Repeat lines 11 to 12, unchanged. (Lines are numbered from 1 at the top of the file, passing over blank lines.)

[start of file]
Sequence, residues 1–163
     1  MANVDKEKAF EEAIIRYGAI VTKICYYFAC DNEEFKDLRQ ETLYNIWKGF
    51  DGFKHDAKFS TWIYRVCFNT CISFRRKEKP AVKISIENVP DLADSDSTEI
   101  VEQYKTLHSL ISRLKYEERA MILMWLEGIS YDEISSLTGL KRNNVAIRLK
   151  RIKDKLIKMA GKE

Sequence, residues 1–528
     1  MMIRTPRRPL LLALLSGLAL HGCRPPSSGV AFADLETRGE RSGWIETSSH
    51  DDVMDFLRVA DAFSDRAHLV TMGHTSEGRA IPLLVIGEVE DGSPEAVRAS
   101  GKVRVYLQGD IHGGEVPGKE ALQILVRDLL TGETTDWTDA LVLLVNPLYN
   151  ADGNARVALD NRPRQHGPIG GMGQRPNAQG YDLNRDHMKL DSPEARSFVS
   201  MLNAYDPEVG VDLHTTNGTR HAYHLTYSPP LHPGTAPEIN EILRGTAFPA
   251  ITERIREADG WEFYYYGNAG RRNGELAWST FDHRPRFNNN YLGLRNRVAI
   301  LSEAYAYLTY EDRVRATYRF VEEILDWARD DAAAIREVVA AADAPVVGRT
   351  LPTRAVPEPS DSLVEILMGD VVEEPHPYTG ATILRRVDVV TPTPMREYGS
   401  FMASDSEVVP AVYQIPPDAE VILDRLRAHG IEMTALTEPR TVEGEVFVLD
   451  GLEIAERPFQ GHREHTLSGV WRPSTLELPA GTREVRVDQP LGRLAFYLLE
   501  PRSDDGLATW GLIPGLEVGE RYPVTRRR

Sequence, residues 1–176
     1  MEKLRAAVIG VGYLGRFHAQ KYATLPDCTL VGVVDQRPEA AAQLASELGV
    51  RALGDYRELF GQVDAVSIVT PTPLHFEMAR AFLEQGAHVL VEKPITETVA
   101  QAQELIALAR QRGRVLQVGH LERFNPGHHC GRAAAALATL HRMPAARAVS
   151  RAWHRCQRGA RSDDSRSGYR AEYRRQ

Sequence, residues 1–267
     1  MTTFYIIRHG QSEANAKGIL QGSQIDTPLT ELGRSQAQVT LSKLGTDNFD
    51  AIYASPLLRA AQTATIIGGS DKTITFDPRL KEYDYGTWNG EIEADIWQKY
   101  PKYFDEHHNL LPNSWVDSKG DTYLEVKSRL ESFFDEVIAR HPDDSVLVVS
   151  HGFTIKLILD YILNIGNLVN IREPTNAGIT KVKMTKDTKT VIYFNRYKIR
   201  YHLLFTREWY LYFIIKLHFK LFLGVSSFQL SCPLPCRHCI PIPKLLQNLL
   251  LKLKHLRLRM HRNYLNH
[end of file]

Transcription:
   201  MLNAYDPEVG VDLHTTNGTR HAYHLTYSPP LHPGTAPEIN EILRGTAFPA
   251  ITERIREADG WEFYYYGNAG RRNGELAWST FDHRPRFNNN YLGLRNRVAI